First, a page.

I admit, I rarely put much thought into it. Drones are a fun set of tools and toys for anyone to enjoy, but more often than not, I cross paths with males in this industry. It is refreshing, then, when we get to say hello to women drone enthusiasts and pilots.

We had the chance to chat with Natalie Cheung, the General Manager of Intel’s Drone Light Shows back at InterDrone last year. We get that opportunity again in February, at the second annual Girls Who Drone event, hosted by Sally French (The Drone Girl) and Siggi Hindrichs with Samsung NEXT in San Francisco.

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The core of this years Girls Who Drone event is a presentation from Intel on how it operates its light shows. Natalie Cheung and team have been inspirational in their accomplishments. At least I assume you’ve heard of their work with Disney, the Super Bowl last year and plenty of other experiences where the LED lit drones wowed a crowd.

Behind the scenes, we know that Intel is going big with drones. They are certainly not looking to take over the consumer market, and may not even be shooting for the commercial market. Instead, Intel is offering their services for entertainment and inspection tasks around the globe.

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On a larger scale, we are constantly impressed by the innovation and AI efforts and benefits of Intel’s drone projects. Looking at the light shows specifically, I can think of no better example of large scale drone swarms done right. We can’t wait to learn more.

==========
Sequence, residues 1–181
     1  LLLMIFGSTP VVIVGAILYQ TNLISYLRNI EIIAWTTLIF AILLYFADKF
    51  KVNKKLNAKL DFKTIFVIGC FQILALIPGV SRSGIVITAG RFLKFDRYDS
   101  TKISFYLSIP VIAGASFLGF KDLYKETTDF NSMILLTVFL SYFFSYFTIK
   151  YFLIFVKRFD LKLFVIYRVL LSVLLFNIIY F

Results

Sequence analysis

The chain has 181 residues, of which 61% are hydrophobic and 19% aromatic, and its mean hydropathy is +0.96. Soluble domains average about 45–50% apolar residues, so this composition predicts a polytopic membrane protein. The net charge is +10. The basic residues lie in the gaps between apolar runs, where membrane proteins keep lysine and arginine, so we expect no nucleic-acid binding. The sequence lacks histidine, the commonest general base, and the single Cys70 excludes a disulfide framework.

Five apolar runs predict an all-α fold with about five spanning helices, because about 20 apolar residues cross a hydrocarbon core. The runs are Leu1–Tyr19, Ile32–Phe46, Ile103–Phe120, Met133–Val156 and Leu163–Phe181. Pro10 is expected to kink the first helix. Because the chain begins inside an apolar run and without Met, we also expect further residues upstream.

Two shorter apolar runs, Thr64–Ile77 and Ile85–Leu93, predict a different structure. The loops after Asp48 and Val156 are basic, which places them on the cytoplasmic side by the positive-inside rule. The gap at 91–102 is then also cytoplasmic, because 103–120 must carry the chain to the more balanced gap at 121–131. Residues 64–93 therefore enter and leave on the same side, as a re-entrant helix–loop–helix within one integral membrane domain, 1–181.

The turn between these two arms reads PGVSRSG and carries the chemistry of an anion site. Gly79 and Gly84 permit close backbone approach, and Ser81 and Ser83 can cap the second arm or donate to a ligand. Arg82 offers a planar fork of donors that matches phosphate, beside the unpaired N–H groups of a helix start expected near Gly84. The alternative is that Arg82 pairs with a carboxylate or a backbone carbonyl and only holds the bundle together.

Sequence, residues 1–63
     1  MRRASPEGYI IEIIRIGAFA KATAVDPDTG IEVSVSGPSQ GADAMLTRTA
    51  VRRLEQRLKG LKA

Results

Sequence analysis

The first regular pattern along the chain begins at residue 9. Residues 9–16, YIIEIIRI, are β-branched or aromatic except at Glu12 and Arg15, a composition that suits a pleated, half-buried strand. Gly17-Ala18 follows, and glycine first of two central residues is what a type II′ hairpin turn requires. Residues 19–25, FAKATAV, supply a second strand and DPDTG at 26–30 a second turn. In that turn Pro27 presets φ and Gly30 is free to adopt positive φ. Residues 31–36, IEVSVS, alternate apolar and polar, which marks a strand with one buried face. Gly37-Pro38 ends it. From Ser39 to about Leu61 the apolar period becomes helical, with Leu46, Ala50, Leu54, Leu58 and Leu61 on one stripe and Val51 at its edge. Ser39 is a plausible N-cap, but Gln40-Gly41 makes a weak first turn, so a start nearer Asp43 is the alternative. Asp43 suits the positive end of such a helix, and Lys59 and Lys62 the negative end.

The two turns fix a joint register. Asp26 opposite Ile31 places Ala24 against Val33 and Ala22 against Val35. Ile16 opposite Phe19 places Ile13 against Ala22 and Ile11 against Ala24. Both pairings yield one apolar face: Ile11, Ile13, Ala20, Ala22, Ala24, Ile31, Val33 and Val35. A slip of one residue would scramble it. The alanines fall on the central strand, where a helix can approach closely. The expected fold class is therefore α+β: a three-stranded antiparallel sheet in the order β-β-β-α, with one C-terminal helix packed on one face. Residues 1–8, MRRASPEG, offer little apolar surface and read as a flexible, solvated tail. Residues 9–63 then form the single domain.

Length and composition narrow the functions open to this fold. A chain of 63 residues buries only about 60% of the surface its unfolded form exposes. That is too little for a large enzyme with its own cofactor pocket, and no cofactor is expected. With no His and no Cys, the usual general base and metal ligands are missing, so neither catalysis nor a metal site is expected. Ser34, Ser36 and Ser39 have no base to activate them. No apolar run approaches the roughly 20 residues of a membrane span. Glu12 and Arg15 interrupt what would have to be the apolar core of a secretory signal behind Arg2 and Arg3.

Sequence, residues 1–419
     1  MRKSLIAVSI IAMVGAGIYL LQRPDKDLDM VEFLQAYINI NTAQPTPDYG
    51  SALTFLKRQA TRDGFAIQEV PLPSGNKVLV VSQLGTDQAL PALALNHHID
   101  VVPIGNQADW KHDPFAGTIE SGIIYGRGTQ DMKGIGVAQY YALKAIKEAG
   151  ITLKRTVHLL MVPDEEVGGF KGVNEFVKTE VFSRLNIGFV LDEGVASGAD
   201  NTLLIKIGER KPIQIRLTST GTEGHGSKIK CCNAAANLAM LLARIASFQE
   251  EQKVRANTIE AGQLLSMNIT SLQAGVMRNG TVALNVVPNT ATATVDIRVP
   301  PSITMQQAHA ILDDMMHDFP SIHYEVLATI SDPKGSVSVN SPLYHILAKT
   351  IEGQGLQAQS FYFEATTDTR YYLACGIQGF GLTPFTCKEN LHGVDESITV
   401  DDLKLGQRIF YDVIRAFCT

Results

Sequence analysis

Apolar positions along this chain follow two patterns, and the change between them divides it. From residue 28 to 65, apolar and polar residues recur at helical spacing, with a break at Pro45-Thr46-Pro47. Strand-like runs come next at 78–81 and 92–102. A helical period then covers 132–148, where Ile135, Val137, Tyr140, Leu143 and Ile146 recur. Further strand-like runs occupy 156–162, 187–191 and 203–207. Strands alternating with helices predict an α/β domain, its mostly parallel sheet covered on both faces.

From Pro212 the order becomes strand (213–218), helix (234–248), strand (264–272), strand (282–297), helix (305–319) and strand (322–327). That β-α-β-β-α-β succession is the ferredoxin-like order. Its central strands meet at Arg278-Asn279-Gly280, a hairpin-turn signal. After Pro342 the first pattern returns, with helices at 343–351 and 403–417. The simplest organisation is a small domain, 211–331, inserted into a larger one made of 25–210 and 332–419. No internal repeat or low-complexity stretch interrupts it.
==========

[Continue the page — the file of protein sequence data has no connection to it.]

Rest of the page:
Sally French is The Drone Girl. For all intents, Sally started out the same way we did, she picked up a drone and took to the sky. It’s not hard to get hooked on the thrill. The Drone Girl is a thriving website and YouTube channel, we certainly encourage you to check out her work.

We are planning to have the chance to chat with Sally along with her event. She is heavily involved in the industry, which is great, but we may bring to you a focused conversation on the challenges women pilots face.

I’ve never witnessed any blatant gender disadvantages in the drone world, but if you have, I certainly want to hear from you. Please hit the comments below if you have a story or question regarding gender challenges in the drone world. As I say, I feel these are tools and toys for anyone to enjoy – I’d certainly like to do my part to undo any gender bias and prevent prejudice against any pilot, for any reason. Let’s all just get out there and have some fun.

We’re looking forward to the Girls Who Drone 2018 event. The Intel Shooting Star drones are great fun to watch, we also think the tech and people behind the light shows are worth some more coverage. Let’s all enjoy drones together.

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